My therapist proposed a change in venue for this week's meeting. I was circumspect at first but when I arrived at the entrance to the park and we started walking, I felt a sense of urgency and took off up the path, looking at everything around me. My mind let go and I was able to just focus on the trail and all of the intentionally undisturbed nature surrounding me. When we got to the boulder outcropping, I felt a desire to take pictures. It was beautiful out there and I very quickly grew angry at the pothead scum who had defaced the outcropping with their stoner messages. When I climbed to the top of the boulders, the anger melted away. The light was playing on the ground in the most calming and mesmerizing fashion. I just stood there for a while. On our way back, I stopped and took more photos of nature. It felt almost compulsive.
Something happened out there and it was a really good thing. I felt spiritually alive. I had forgotten how much nature heals. The life around me resonated with my shattered soul and finally felt at peace.
Needless to say, I will be going back there - often.
During this whole session, my therapist and I didn't talk about anything. I think she sensed that I needed this moment of peace undisturbed - especially after the ten year anniversary that just passed. Thank you Soldiers Project for finding such amazing volunteer therapists!
TRIGGER WARNING: GRAPHIC CONTENT
I have to work tomorrow. Tomorrow, of all days, is the last day I want to be around anyone. It's the 'anniversary' of the incident that changed everything for me. I don't normally write about the actual event that was a major contributing factor to my PTSD, but this anniversary is different.
It still feels like yesterday, but tomorrow makes ten years to the day that 1LT Leif Nott died in a friendly fire incident in Balad Ruz, Iraq. I still struggle with what happened every day. I remember the sounds, the smells, the feel, everything.
This is the first time that I have mentioned the incident specifically. I don't know why I feel compelled to share it now. I just couldn't let another year go by without honoring those that were injured and those that died that day.
I can't bring myself to recount all that happened, but you can read about that night and the cover up HERE.
I tried to 'suck it up' but I landed myself in the Combat Stress Control Clinic at Balad Air Field a week later. Everyone back at the unit I had been attached to was acting like nothing had happened. I felt compelled to make sure the truth was known - so I contact JAG and CID and reported the friendly fire incident and violations of the rules of engagement. I also reported my suspicion of attempts to sweep the whole thing under the rug.
A week later, I was released back to duty by the clinic. My reporting the incident should have remained confidential. Somehow, it made its way back to the commanding officer of the unit I was supporting and I instantly became persona non grata.
Things went downhill fast from there. I was denied R&R and mid-tour leave because I was a 'mission critical asset' - yet the rest of my team and all of the other attached special operations teams we worked with got to rotate home for two weeks. I isolated and shunned by all but my colleagues. The sectarian violence ratcheted up soon after and the trauma continued to build.
Six months later, I found myself being sent home, a danger to myself and others.
The greatest travesty: The unsung heroes that never received the recognition they deserved for jumping into action.
When it became clear that we had shot up our own, the direct support Psy-Ops team, two young medics and myself ran out to conduct triage. It became evident that we needed another vehicle so I ran back to the TOC and ordered some privates to clear out the Psy-ops turtleback so that we could use it as an ambulance. The next few minutes were a blur. I remember SGT Anderson being carried into the medic bay. Same with SPC Devers. I remember returning to the scene to continue to help and things become disturbingly clear in my mind.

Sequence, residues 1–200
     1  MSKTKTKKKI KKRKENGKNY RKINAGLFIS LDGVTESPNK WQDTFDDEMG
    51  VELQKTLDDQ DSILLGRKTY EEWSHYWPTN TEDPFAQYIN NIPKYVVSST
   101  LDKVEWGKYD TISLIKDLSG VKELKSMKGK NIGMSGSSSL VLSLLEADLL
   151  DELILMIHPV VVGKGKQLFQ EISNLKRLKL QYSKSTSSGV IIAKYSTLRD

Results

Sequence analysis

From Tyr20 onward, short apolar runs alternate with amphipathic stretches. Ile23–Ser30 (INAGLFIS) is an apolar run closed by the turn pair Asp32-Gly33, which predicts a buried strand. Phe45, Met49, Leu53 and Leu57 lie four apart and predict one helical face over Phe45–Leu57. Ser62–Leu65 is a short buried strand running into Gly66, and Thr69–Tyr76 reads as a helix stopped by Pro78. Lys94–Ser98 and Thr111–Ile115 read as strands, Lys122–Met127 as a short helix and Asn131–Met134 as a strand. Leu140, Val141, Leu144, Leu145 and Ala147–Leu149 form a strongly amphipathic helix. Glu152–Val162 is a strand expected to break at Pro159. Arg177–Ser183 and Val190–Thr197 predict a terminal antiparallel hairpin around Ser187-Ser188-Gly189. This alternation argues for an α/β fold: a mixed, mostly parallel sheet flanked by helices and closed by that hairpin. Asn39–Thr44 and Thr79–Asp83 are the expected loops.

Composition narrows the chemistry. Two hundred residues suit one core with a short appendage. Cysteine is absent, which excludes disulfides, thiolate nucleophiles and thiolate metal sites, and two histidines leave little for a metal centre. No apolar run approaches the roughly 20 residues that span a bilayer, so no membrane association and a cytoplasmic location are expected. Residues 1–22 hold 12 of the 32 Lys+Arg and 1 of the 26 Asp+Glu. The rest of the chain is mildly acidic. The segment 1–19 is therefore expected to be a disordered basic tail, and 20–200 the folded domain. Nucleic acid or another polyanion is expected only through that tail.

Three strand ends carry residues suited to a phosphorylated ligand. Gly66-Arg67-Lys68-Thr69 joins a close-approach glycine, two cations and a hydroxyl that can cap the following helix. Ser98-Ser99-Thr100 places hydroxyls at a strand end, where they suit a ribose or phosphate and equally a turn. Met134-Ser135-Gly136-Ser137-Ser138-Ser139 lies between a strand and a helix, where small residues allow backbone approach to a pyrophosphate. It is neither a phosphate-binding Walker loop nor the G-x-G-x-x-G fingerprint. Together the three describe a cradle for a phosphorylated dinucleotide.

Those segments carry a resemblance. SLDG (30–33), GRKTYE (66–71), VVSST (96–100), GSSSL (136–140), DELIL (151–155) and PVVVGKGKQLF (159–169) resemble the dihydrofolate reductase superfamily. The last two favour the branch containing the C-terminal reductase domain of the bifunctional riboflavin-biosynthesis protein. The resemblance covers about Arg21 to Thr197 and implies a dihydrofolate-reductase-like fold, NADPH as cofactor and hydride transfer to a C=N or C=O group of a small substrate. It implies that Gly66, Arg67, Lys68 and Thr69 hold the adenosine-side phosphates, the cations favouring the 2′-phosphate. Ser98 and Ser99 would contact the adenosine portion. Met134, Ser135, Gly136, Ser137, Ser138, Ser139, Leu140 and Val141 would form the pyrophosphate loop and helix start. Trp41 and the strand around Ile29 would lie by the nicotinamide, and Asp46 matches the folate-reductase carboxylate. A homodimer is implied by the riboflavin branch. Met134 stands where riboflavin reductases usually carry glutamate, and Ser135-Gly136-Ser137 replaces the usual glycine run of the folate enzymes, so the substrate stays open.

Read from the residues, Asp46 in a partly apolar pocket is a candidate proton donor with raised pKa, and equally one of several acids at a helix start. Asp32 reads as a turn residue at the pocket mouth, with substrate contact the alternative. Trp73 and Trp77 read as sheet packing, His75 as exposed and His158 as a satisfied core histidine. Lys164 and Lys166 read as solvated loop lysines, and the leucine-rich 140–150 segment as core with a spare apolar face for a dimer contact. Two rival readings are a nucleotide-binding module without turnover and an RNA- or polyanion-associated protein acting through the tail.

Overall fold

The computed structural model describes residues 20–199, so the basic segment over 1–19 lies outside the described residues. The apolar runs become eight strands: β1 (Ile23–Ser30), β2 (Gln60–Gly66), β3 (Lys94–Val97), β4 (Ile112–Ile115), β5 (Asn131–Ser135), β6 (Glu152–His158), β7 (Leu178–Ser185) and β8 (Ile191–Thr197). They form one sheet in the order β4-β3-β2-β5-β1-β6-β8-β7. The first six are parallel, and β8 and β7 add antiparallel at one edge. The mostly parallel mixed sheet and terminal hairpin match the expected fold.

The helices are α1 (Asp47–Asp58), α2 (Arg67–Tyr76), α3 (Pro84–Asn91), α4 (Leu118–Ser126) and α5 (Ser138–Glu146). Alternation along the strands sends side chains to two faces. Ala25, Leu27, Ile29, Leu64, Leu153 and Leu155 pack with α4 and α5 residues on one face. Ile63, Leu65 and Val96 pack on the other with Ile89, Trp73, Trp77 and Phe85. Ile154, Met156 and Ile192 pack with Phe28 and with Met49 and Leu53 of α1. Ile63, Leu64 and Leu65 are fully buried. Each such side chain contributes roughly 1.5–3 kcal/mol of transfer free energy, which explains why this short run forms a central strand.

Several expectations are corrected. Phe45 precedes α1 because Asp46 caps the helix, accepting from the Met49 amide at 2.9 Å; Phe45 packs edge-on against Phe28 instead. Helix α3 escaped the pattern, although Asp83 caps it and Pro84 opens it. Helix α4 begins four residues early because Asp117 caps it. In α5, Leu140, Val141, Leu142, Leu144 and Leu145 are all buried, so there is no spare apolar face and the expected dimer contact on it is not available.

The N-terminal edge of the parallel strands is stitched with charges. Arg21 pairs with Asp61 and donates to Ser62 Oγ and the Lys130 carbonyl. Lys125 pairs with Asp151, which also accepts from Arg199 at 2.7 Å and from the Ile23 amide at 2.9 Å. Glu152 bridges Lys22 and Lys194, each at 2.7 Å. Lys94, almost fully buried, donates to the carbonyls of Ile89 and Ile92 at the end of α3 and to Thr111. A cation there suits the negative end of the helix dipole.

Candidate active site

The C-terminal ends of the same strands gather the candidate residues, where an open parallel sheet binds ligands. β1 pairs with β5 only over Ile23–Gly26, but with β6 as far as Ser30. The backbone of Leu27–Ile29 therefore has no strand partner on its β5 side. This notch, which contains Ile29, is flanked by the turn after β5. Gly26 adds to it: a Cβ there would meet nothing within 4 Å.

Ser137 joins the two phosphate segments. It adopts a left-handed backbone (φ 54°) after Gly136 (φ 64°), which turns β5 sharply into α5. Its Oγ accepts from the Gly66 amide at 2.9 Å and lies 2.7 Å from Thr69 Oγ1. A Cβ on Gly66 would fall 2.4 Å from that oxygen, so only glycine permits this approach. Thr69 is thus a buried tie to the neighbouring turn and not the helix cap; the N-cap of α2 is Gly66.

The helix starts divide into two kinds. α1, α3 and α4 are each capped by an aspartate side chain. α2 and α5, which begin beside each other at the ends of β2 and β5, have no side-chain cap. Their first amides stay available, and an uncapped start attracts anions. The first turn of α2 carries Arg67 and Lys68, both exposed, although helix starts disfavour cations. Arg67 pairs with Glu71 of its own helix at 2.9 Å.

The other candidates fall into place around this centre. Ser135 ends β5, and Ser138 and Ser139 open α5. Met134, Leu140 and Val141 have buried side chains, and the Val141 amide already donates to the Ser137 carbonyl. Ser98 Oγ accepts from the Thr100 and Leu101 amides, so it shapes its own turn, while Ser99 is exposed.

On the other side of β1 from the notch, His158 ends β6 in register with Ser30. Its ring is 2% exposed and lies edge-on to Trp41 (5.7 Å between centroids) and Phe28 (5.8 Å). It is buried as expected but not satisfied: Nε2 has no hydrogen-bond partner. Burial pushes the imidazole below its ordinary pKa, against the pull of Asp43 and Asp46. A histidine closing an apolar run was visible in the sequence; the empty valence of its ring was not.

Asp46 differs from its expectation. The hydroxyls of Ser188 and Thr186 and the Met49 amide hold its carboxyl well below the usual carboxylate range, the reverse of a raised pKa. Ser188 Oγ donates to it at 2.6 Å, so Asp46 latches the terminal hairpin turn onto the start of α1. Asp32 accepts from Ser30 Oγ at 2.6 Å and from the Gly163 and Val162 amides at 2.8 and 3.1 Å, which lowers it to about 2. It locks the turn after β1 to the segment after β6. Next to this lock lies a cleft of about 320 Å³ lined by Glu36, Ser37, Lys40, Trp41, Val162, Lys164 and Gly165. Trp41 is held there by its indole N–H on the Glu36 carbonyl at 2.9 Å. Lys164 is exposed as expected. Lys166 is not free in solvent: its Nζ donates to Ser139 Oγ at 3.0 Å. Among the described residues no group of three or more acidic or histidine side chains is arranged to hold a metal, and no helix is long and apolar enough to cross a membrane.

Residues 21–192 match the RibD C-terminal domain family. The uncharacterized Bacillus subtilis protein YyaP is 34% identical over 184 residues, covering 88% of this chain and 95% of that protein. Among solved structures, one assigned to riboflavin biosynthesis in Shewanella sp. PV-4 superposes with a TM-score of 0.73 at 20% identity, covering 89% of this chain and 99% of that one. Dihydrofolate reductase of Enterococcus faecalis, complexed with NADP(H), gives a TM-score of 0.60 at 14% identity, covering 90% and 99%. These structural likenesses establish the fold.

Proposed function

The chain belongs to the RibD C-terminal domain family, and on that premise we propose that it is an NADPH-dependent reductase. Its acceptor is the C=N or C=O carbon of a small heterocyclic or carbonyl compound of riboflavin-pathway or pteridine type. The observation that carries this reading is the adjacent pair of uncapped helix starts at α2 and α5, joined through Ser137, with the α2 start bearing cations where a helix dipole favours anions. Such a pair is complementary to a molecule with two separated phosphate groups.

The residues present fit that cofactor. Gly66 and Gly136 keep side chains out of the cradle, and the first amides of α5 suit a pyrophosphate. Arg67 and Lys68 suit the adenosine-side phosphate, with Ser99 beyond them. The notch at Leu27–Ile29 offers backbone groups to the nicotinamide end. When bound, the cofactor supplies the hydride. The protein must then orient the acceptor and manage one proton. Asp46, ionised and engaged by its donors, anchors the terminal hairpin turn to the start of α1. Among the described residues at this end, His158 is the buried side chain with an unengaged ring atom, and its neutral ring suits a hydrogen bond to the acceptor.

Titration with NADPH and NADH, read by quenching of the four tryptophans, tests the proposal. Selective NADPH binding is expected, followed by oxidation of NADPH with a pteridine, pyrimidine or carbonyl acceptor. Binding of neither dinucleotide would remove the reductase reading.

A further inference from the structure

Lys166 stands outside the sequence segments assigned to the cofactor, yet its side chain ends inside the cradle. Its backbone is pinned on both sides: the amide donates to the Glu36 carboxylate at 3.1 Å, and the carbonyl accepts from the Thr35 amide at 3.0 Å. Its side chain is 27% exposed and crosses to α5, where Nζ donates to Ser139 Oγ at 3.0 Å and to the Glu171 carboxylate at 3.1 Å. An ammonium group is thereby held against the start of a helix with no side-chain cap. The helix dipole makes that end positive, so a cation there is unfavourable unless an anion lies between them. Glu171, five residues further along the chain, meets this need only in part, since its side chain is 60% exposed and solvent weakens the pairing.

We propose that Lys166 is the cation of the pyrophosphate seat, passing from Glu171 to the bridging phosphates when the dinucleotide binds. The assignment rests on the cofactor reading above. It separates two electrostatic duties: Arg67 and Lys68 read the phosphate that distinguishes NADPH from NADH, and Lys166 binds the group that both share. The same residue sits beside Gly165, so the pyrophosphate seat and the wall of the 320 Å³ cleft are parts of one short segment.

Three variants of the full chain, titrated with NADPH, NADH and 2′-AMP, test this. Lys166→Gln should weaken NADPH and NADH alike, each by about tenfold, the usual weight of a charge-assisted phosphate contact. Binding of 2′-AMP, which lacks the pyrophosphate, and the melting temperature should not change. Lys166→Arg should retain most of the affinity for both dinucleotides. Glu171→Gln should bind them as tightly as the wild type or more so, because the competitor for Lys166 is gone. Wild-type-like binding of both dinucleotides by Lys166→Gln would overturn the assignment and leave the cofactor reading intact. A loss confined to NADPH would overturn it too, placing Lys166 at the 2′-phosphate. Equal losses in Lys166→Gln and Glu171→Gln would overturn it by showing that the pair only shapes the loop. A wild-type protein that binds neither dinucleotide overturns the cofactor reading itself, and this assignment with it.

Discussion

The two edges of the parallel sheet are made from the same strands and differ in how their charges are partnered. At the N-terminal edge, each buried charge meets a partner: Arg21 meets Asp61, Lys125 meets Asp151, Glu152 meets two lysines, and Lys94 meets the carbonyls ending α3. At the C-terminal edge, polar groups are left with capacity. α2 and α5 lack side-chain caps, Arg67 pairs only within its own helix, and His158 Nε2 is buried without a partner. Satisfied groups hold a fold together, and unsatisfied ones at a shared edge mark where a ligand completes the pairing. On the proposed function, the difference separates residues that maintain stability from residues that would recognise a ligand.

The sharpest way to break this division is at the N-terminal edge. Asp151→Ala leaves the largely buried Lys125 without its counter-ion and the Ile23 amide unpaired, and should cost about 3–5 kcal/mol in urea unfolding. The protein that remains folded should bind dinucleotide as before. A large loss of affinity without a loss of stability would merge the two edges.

I remember the old man, blood and bone chips flowing away from the mangled mess of his leg to pool in the dust on the side of the road. Somehow we managed to stabilize him. When the medevac birds arrived I positioned myself to lift the old man's upper half into the stretcher and discovered that he had a gaping wound on his back. I had put my arm, almost up to the elbow into his chest cavity. I cannot adequately describe the sensation of feeling someone's heart beating from inside their body. Those sensations and smells will stay with me until the day I die.
To this day, I still don't know if those two young medics or the Psy-Ops team were ever recognized for their actions. I know, like me, they ran out there in untied boots, brown t-shirts, no protective gear, and M-16's on their backs. We didn't think, we reacted. And it is with the utmost humility that I need to express my admiration for their actions that day.
I just wish, on tomorrow of all days, that I could remember the medics' names, Or the Psy-Ops teams' names. Maybe this blog will reach them somehow.
Most importantly, I need to express my most sincere condolences to the family of 1LT Leif Nott. Until this year, I couldn't muster up the courage to even do that. The memories were too much to handle. Honestly, they still are, but it's been ten years.
I couldn't be silent, reticent anymore.
Requiescat in pace, Lief. It is in honor of your service and sacrifice that I have finally mustered up the courage to share this. May you and your family find the comfort and peace you deserve.
It's strange for me. I am looking for spiritual fulfillment and I am still not able to find something that will work for me. When I sat down with my therapist to continue our discussion, I told her that I have had no success in finding anything that I think I can incorporate into my daily life that will provide me with the spiritual fulfillment that I need. I told her that I was talking to a buddy I served with in Iraq that had offered to take me scuba diving. I plan on taking him up on the offer. The problem is that I can't go scuba diving every day.
It's giving me fits.
So I am putting the call out there. Any suggestions would be greatly appreciated.
I have been driving myself nuts looking on the internet for any type of spiritual practice that I think could help me find peace. I decided to back off the search for a while. I think that I have been looking too hard and people say that when you stop looking, you find what you are looking for. Time to sit back and relax and just enjoy the coming week.
It's all about focus. I am going to put my efforts into the non-profit and find some fulfillment there. It will help short-term AND it will put my plans for the non-profit into sharp focus. It's not like I don't have anything to do. Logos. Business plans. Newsletters. Board meeting. Business meetings. Continued tweaking of the websites. It's a lot to do but I love doing it.
My therapist expressed concern that I may be over-extending myself. I thought about it but I just can't see it. If running the non-profit is the only thing that gives you at least some semblance of spiritual peace, wouldn't you work on it a lot?
As I continue my life with PTSD, I will share my challenges and discoveries on this blog.